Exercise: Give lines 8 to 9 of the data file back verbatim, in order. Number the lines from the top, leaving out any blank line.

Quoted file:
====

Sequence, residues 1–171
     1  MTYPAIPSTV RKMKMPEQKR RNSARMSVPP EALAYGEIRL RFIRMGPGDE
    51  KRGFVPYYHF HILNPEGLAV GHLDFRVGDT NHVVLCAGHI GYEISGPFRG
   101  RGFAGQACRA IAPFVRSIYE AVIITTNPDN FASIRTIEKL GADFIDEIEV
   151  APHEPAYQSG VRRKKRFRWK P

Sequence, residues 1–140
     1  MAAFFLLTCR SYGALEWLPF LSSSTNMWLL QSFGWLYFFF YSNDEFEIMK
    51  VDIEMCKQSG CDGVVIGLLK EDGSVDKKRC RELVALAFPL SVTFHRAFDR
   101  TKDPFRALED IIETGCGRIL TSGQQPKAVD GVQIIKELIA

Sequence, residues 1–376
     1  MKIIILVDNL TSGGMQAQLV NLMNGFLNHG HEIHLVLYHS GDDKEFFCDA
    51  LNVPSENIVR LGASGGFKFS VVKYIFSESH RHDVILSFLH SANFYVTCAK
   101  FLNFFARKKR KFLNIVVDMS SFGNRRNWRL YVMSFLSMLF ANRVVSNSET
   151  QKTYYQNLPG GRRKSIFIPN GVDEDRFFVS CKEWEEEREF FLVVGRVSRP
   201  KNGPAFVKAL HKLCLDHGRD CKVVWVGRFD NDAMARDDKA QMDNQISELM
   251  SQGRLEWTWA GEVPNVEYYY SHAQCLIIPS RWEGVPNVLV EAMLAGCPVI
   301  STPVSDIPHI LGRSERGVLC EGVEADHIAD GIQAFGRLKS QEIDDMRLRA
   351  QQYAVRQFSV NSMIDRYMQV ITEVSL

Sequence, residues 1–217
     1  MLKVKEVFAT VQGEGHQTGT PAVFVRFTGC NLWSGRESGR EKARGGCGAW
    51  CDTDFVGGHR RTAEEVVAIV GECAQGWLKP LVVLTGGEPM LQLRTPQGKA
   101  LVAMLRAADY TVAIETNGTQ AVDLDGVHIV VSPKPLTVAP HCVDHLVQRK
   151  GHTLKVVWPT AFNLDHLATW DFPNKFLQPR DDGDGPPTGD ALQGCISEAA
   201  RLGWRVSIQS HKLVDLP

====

    51  VDIEMCKQSG CDGVVIGLLK EDGSVDKKRC RELVALAFPL SVTFHRAFDR
   101  TKDPFRALED IIETGCGRIL TSGQQPKAVD GVQIIKELIA